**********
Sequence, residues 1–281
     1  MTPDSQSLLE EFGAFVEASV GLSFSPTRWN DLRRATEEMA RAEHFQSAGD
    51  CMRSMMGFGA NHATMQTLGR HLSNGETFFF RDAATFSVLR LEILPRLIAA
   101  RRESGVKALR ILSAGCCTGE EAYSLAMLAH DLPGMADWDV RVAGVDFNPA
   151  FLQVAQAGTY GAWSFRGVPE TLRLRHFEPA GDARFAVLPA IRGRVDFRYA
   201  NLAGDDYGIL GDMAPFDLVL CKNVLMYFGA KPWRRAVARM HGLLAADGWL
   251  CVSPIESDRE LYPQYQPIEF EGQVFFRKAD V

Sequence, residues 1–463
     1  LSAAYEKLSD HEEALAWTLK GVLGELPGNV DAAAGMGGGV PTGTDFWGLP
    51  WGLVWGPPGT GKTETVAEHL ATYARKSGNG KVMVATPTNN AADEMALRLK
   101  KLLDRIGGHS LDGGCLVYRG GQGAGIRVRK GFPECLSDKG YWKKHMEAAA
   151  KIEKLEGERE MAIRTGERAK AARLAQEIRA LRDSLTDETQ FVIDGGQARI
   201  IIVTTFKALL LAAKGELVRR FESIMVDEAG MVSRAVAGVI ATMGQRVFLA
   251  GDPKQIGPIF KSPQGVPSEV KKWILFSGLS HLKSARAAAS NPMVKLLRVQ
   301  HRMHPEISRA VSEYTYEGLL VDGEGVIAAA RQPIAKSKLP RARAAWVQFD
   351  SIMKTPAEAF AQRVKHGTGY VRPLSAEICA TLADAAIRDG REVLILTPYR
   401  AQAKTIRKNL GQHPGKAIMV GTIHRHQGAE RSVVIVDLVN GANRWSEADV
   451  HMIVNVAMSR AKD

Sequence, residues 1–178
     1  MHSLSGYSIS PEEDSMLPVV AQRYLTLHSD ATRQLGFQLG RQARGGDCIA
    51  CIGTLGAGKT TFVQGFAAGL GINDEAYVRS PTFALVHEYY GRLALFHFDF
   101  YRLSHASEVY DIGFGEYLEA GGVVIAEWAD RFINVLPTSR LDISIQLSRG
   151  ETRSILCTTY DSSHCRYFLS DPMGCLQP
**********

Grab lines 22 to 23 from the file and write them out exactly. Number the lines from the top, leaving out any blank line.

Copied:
   101  YRLSHASEVY DIGFGEYLEA GGVVIAEWAD RFINVLPTSR LDISIQLSRG
   151  ETRSILCTTY DSSHCRYFLS DPMGCLQP